Nobody likes to be sued – including T-Mobile. Getting sued by lots of people who are all mad for the same reason is even worse. To avoid this, T-mobile plugged arbitration clauses into their service agreements to keep customers from filing class action lawsuits, instead requiring that legal matters are settled out of court. It’s a common thing; most contracts having something along those lines tucked away inside. It doesn’t seem to be working too well for T-Mobile, though.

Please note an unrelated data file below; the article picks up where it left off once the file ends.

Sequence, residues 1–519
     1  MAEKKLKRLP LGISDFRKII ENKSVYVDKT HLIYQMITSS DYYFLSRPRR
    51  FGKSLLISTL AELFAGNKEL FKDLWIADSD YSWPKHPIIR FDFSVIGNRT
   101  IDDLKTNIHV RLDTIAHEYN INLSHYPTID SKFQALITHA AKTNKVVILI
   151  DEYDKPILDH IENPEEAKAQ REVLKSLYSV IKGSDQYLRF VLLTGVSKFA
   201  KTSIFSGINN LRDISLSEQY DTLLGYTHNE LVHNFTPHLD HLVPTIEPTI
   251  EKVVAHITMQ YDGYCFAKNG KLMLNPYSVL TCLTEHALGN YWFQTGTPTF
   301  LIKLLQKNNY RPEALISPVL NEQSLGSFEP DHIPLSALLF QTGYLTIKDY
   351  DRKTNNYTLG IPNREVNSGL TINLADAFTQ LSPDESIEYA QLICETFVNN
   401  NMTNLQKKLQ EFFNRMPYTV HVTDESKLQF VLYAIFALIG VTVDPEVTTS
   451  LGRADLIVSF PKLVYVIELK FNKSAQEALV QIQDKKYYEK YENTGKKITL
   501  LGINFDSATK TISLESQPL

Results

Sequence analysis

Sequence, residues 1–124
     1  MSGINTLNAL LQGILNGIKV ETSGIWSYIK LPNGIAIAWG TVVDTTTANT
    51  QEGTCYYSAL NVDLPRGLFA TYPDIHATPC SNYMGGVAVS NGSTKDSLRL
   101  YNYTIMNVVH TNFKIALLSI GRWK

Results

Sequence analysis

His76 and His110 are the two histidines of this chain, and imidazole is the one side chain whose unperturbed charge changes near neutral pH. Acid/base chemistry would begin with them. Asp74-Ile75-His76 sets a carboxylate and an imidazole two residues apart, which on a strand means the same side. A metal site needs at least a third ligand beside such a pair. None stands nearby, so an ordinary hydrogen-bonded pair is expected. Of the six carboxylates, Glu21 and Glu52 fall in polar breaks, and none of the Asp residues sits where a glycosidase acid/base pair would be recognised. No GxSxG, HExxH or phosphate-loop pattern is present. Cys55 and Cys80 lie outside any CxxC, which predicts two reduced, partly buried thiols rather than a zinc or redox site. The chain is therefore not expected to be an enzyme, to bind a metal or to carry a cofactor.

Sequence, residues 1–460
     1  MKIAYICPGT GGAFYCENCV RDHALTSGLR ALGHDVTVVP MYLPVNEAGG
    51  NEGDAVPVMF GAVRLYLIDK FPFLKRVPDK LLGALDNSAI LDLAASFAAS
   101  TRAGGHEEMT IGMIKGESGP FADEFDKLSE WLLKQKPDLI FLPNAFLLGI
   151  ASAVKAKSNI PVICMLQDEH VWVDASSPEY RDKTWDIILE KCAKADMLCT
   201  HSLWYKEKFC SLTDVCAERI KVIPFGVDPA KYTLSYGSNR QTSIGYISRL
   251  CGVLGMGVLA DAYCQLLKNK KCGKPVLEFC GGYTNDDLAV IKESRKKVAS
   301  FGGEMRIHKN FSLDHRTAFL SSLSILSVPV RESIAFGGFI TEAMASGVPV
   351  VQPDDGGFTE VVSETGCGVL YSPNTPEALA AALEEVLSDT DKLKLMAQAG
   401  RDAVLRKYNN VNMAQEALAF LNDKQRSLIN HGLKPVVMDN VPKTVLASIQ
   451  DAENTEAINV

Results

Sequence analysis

This morning, the Supreme Court rejected an appeal from T-Mobile to nullify 3 class action lawsuits aimed in their direction. While federal law lends to the enforcement of arbitration clauses, a number of states (including those where the suits were filed) have their own laws that allow courts to refuse class action suit related clauses. T-Mobile’s lawyers claimed that the federal laws preempt the state laws — but, in this case, the Supreme Court says otherwise, allowing the cases to proceed.